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Girls Rock (on film)


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Courtesy of Arne Johnson and Shane King

In the indie film world, Arne Johnson of Oakland has hit it big with his first documentary, Girls Rock! This offbeat film about Portland’s Rock ‘n’ Roll Camp for Girls will be released in seven cities on March 7— including at Berkeley’s Shattuck Cinemas. That’s unheard-of distribution for a documentary not directed by Michael Moore.

Johnson’s inspiration was alternative rocker Carrie Brownstein of Sleater-Kinney. “I heard her speaking at an event, and someone asked her if rock ‘n’ roll was dead. She said, ‘No, I just got back from teaching at a Rock ‘n’ Roll Camp, and it was full of young girls who want to rock.’ The way she talked about it just put my hairs on end.”

Girls Rock! shows how 8- to 18-year-olds build friendships and self-esteem while blasting power chords and banging drums.

Johnson and his business partner, Shane King, visited the camp and shot footage of a concert before getting approval to make the film. “At first [the camp’s directors] were a little suspicious of a couple of guys from California coming up to tell the story of this camp,” says King. “We had to earn their trust. Apparently, they had been approached by a reality show that wanted to make a show about the kids getting voted off, like American Idol.”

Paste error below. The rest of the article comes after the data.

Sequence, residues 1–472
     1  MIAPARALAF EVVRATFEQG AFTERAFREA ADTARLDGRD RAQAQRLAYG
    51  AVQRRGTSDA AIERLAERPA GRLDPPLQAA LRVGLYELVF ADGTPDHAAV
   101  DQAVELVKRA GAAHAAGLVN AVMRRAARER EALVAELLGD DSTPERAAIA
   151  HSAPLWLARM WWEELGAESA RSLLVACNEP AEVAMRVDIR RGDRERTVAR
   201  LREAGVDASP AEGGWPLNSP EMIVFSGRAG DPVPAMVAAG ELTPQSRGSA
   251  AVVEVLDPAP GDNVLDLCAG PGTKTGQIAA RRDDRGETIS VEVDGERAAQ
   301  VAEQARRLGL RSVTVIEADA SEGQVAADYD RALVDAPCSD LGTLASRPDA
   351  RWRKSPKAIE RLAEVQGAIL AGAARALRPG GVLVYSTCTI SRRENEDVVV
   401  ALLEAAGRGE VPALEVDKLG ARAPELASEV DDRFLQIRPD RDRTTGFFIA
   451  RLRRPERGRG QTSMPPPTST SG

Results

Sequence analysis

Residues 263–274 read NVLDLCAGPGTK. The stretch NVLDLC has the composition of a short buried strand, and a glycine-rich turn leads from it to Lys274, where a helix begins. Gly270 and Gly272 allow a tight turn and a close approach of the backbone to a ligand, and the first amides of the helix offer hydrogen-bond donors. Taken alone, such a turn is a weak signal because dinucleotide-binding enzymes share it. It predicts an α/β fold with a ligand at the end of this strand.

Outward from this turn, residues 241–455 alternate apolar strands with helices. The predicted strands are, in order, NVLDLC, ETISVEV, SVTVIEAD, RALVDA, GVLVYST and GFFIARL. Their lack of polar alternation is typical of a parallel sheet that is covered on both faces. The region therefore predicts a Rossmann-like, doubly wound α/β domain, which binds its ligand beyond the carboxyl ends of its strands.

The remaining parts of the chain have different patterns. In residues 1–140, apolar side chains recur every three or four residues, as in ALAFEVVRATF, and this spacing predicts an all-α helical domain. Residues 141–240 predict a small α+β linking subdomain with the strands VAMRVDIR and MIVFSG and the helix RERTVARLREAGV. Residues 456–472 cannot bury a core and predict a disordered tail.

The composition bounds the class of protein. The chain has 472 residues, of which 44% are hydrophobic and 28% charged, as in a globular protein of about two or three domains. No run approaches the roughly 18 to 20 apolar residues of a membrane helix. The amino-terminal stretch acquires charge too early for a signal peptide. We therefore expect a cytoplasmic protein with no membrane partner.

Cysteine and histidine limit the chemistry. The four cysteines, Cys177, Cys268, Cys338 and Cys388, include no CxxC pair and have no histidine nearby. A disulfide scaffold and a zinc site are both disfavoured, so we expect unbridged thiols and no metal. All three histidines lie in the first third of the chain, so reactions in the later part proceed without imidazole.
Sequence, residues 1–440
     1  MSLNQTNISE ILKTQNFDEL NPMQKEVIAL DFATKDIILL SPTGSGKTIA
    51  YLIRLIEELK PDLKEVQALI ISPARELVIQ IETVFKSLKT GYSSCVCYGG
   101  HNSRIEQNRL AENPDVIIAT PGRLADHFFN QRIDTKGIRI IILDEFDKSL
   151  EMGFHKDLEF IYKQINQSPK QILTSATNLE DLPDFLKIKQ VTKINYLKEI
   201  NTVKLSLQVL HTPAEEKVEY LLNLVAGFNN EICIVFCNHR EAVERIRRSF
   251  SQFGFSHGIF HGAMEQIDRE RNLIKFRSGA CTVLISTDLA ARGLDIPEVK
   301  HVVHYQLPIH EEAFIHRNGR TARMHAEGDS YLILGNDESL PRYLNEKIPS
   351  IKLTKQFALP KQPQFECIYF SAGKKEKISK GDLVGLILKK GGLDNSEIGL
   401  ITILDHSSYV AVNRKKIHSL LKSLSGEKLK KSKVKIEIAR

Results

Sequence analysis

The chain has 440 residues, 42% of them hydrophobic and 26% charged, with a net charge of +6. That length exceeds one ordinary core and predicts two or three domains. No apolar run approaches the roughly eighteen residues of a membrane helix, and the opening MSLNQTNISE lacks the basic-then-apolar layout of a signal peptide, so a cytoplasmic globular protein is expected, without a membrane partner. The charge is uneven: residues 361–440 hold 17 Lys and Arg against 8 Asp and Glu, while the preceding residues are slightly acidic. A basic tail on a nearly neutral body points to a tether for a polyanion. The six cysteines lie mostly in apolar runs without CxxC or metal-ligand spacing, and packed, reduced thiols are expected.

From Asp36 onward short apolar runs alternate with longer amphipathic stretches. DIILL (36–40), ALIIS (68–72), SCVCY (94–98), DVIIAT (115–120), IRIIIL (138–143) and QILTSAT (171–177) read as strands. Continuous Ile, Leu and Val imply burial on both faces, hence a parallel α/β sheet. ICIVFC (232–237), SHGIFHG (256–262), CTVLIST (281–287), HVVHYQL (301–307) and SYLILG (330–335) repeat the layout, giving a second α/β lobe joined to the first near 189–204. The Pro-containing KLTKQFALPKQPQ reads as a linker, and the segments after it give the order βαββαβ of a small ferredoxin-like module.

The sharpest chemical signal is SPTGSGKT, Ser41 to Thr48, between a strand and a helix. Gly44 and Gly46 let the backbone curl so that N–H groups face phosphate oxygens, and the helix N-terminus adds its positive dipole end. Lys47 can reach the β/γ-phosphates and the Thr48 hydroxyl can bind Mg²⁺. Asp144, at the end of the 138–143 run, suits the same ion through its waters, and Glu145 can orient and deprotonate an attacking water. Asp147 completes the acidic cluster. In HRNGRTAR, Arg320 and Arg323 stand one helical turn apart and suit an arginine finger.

There is none of that kind of mean streak in Girls Rock!’s celebration of childhood and female self-empowerment. “It was just a mind-blowing experience to see these little girls up on stage expressing so clearly and freely what they were feeling,” says Johnson.

For information about the film or about a new Rock ‘n’ Roll Camp for Girls coming to San Francisco this summer, go to www.girlsrockmovie.com.

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